Everything started more or less one year ago, but the actual beginning was way before. I am an atypical EVS because I have lived in Egypt before I started my EVS journey, and this peculiarity is clear more than ever now that I am packing my stuff to leave, I have two years of Egypt on my shoulders, two years of clothes, music instruments, souvenirs, tickets, pictures, dust and sand. I will not bring all my luggages back home (wa al-hamdulillah), I will be soon back (inshallah), but it’s still a huge baggage, not to talk about the one that fills the walls of my brain, my soul, my heart.
This second year in Egypt has been intense, more than the previous probably, but also more gratifying. I now feel like I am on the right path, I have a clear idea about what I want to do in my life and I won’t let anyone telling me what I should do, anymore .
I now know my strengths, my weakness, my fears, my limits, my dreams, my feelings and I want to keep working on it, I want to keep having the privilege of learning and become the best version of me; I can see clearly that this is my approach to life now: learning.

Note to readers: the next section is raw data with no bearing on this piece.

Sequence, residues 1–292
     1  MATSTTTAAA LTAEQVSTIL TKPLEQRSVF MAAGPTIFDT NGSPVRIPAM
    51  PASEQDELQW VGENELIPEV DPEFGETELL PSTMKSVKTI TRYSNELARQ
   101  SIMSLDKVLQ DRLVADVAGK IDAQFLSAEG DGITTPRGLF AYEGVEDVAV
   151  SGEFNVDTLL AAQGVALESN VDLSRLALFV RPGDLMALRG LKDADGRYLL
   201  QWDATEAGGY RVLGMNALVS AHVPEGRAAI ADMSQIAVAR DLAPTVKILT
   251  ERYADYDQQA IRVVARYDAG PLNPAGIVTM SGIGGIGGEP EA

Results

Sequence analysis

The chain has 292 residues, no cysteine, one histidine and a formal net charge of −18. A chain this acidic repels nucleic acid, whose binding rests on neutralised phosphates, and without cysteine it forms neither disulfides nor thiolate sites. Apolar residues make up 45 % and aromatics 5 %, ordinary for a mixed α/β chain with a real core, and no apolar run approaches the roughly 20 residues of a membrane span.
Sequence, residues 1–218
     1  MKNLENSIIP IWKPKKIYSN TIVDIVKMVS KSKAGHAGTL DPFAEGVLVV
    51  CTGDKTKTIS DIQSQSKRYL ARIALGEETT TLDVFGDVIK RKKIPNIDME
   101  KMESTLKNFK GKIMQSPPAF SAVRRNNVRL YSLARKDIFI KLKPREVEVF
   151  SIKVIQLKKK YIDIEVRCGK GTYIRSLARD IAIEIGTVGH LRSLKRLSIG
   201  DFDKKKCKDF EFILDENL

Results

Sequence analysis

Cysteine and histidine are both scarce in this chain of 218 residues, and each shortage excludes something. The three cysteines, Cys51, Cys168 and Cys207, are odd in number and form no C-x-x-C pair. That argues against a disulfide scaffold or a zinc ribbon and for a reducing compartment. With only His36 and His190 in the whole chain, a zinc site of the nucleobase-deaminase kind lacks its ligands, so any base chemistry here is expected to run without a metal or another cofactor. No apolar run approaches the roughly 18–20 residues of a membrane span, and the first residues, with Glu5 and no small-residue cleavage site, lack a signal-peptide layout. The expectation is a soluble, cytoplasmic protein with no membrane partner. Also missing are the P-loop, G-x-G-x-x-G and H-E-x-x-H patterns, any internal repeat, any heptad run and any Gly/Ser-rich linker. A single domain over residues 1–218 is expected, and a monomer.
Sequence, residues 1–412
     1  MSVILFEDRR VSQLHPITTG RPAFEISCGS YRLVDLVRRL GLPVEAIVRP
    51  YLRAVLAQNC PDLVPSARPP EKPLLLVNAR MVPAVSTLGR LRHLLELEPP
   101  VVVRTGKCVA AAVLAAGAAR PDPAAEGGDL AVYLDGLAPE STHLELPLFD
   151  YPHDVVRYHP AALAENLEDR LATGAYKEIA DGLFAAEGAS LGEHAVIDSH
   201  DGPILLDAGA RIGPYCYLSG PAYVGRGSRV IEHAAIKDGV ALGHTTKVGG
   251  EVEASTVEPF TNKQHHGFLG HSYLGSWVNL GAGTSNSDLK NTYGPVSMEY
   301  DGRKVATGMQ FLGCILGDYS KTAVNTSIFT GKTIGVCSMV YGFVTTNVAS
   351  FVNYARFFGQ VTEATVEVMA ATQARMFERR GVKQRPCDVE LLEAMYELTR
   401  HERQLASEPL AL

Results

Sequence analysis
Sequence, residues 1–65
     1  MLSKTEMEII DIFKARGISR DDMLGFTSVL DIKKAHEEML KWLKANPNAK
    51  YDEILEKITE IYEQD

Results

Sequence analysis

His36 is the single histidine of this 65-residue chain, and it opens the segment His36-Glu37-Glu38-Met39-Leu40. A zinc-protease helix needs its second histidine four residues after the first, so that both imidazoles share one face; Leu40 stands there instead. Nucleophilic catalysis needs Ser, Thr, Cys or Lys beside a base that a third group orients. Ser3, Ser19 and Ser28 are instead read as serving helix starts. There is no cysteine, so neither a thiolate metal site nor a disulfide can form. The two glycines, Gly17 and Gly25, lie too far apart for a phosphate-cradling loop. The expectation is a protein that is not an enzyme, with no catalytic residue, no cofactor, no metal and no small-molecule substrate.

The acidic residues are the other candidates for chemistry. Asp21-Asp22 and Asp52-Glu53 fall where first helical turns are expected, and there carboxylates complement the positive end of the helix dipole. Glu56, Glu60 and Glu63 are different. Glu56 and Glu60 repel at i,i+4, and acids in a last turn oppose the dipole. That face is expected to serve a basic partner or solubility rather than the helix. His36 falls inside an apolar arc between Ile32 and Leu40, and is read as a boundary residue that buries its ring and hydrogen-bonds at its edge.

Egypt will never stop to surprise me, it challenges me, it sucks my soul, it gives me everything, it raises me and then waits for me to be distracted to throw me again on the floor (“tu mi porti su… poi mi lasci cadere” sings Giorgia in one of her worst songs I have to say XD, in my opinion of course).
“But why are you staying here?” I don’t know how many times I have been asked this question, especially lately… will I ever find a right, exhaustive, convincing answer, can we explain feelings?
There is never just one answer, that’s why sometimes I got upset by verbal communication; it’s not my best skill. You would find it weird of someone that has studied languages and has also been a linguist for a very short time in her life. Sometimes I wish it could be possible to communicate without speaking, just kind of communicating with connections (kind of Avatar utopia). Words are not enough, words can be misunderstood, misinterpreted, they are not concise enough, imagine if there would be a way to make you feel exactly what I feel, only then you would understand why I live in Cairo (for choice).